After taking up the kind offer from a friend, I had the use of his honey extractor for the weekend to speed up the process of collecting honey.  Gwenyn Mêl 2 (the national hive) have a brood chamber and a super to use for their colony development, so the other super filled with honey was considered excess by moi.  
  
This year I have gone from 1 lovely colony of honey bees to 3 lovely colonies of honey bees.  The 2 newer colonies arrived in June and August, and have yet to produce, what I deem the recommended amount of stores for them to survive through to the spring of 2014.  So without any hesitation, the Honey that was just taken from Gwenyn Mêl will be stored and used to supplement the others as and when required. 


This did baffle the minds of some people who were expecting to get honey from me as soon as some were available.  Well the way I see it is this…  These wonderful ladies have worked their little arses off at every available opportunity to make this Honey and it is the best possible food for them to feed on.  



Why another person would take most of this honey from the lovely honey bees and replace it with a sugar syrup or ambrosia, is something which I struggle with.  I understand that there is a potential financial gain to be made, but I believe that bees should only eat honey, and their own at that.  They should only be provided an alternative such as sugar syrup if it is the last resort, as a matter of survival. The benefits of the bees must be prioritised before the benefit of the beekeeper.

So far there has been only 2 jars of honey taken from the heavily laden container.  This wonderful Cwmbran honey tastes amazing, yes I may be biased but those who have tasted it have also agreed, that it tastes better than shop-bought honey.

For the time being the honey bees living in my hives will be closely watched to check on the amount of food stores that they have, with plenty of food in standby incase they need a help in hand.

Nos da bawb

Please take a seat…

Hello again, how are you today?  Just thought that I would keep you updated with some of my adventures.  Recently I was asked if I would refurbish a couple of benches for a family. After thinking about it for a few moments, it was decided to see what I can do.

When I saw the benches, it became apparent that they were looking a little worse for wear and needed a little care.  The first job on my list was to retrieve the benches from the customers home without a certain someone who lived there knowing about it. These benches have sentimental value to the family, so their longevity was of the utmost important and I wanted to do an excellent job for them.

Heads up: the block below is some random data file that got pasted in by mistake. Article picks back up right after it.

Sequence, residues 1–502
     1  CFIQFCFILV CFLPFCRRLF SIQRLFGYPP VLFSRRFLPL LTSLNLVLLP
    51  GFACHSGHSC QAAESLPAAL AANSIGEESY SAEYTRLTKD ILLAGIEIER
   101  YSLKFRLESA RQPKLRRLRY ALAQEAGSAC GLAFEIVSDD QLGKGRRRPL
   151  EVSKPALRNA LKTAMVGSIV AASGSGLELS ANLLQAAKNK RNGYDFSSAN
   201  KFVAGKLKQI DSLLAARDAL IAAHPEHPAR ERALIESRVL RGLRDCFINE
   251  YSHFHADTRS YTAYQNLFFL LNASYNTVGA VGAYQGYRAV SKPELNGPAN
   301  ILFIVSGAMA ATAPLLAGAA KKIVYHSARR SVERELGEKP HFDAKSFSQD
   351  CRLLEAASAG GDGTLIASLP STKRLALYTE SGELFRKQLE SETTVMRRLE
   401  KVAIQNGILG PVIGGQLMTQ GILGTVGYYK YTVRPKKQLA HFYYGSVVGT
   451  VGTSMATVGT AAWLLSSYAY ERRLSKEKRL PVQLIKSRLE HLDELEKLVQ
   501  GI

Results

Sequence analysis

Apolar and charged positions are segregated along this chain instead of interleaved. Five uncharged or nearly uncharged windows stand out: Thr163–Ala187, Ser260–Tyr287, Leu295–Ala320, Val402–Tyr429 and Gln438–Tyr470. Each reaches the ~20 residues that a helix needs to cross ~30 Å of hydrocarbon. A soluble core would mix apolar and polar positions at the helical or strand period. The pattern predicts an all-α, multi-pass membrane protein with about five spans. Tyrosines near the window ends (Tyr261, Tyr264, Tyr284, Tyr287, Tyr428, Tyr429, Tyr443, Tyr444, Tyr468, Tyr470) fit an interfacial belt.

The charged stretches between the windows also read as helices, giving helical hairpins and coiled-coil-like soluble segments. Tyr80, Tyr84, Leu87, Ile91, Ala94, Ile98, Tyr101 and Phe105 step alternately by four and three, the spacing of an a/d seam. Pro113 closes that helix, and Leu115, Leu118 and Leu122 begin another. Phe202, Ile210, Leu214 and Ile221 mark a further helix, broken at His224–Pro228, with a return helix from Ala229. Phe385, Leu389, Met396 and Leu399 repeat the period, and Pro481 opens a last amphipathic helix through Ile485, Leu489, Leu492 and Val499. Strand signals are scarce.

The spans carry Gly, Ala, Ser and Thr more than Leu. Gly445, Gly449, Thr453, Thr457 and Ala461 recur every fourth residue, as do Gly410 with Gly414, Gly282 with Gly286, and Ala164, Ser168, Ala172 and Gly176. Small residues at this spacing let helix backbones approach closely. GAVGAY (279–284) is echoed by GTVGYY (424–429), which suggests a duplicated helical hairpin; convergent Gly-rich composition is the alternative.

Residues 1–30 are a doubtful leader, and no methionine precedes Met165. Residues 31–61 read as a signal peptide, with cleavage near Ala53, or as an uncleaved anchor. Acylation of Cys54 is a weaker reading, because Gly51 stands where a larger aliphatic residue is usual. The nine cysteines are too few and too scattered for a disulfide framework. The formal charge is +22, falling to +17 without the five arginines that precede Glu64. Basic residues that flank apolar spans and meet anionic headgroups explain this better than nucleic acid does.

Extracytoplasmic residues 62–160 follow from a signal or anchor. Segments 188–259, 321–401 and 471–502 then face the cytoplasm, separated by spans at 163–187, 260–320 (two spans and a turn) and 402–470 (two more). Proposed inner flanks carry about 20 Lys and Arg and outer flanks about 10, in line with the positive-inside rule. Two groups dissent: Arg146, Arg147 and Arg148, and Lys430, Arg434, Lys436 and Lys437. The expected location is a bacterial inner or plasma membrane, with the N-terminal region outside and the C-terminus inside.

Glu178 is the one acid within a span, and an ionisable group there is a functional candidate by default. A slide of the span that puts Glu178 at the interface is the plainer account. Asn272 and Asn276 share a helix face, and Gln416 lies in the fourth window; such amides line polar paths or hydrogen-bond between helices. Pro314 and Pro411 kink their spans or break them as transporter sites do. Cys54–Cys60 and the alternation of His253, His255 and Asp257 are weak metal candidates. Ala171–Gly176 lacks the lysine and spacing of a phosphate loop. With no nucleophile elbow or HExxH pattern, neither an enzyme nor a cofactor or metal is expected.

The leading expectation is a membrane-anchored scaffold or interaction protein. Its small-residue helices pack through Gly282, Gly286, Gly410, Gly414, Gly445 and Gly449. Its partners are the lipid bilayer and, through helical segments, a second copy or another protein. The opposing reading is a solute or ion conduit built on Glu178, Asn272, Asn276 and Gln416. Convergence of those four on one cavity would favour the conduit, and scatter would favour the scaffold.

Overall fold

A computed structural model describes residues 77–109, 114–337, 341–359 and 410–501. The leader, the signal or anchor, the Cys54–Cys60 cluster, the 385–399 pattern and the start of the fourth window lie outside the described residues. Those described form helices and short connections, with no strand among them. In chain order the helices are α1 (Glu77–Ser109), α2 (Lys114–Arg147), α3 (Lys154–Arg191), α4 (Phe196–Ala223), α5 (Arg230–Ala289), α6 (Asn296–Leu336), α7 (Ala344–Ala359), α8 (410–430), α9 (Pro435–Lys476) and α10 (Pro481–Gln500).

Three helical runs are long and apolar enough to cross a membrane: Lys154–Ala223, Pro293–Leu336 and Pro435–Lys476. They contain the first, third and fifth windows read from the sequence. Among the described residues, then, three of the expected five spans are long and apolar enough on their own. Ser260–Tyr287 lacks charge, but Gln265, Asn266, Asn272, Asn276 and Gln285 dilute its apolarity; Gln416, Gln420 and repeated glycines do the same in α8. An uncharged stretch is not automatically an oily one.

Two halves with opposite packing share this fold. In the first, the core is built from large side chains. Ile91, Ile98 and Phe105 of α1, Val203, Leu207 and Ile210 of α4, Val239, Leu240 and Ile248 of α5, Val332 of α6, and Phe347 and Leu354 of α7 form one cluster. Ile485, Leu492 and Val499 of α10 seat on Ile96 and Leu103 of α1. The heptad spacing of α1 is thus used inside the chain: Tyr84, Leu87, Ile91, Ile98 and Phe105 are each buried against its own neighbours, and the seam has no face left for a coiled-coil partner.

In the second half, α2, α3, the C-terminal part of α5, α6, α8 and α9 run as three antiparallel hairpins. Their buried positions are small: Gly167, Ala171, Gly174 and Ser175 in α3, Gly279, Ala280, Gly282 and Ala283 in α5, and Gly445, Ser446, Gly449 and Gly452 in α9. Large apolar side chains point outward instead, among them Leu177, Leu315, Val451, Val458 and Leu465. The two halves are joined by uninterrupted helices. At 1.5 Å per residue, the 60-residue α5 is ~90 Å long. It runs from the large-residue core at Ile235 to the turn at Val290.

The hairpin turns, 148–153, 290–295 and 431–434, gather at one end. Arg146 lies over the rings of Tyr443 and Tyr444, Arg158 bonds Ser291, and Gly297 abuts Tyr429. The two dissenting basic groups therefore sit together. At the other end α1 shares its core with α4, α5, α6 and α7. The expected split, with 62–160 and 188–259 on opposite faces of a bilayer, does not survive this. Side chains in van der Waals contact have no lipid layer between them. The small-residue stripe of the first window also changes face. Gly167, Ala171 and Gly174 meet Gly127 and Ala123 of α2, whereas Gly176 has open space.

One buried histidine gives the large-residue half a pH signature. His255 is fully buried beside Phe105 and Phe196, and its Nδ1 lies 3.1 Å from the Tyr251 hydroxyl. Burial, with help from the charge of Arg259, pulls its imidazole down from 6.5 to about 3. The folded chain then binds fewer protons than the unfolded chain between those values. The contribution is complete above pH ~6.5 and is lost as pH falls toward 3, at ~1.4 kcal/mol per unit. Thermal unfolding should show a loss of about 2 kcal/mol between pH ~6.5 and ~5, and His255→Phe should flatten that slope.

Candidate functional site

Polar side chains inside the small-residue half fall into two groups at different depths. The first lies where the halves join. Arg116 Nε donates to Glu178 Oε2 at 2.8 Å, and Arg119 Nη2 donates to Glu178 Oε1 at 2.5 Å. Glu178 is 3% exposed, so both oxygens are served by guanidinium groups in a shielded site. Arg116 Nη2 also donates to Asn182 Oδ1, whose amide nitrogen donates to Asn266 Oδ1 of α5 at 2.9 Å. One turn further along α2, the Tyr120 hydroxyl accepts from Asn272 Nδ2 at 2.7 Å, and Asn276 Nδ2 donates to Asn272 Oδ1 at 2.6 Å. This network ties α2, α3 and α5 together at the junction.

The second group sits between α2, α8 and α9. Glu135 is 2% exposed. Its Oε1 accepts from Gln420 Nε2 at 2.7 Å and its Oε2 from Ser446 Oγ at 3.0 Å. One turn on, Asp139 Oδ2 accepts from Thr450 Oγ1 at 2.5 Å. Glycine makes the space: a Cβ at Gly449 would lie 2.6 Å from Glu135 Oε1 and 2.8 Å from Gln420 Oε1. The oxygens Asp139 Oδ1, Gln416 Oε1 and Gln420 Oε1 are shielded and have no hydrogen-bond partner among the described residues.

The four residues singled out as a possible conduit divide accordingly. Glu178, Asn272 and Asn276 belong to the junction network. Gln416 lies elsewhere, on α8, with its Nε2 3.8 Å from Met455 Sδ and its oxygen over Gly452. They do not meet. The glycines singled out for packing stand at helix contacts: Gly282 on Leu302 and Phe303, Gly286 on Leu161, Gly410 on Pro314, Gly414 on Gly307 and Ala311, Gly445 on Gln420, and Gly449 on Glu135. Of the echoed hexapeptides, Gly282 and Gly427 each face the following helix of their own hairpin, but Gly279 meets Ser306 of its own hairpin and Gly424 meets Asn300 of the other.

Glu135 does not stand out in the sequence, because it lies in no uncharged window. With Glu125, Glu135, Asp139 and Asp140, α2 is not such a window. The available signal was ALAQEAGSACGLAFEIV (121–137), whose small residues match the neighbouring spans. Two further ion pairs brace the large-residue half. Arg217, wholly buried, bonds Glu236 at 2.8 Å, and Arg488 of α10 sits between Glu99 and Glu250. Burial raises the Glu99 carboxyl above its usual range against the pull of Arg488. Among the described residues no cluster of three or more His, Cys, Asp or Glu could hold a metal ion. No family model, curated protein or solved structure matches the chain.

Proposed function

Upon my arrival at home I had a closer look at what work was needed, it was decided to replace all of the wood with new, brush back all of the wrought iron, straighten the metal supports, followed by a spot of paint and replace all of the bolts, nuts, washers and screws.


After a few hours of scrubbing the metal down with a giant metal toothbrush whilst making some callouses on my hands, I paid a little visit to an annoyingly expense shop to purchase some hammerite spray paint.  Two tins must be enough, surely…


In between the coats of paint drying, I started on replacing the wooden slats.  Inside my wood shelter were some pieces of Larch that were just crying out to be used.  So after a visit to the table saw, the Larch was cut into slats awaiting the next part of their transformation.


Now it was time to visit the planer and thicknesser.  This will give the wood a nice smooth finish to the wood, and show off its lovely peachy coloured grain.  After the wood has gone through the thicknesser it is time to visit the table saw again to have their final cuts to ensure they fit perfectly on the bench.


Holes were then drilled in the wooden slats for the new 6mm thick bolts, followed by countersinking the holes.  Time now for me to switch on the concentration.  Each piece of the wood needed to be exactly the same, the holes and countersinks needed to be in the correct place to ensure a lovely finish to the benches when completed.

Back to do a spot of painting again, and the sudden realisation that the two tins of spray paint will not be enough.  So another visit was needed to the annoyingly expensive shop to purchase another two tins of hammerite paint.  

Once the painting and wood work was done, all that was left for me to do was to reassemble them and return them to their rightful owners.



I am very pleased to report that they absolutely love their benches… What do you think of them?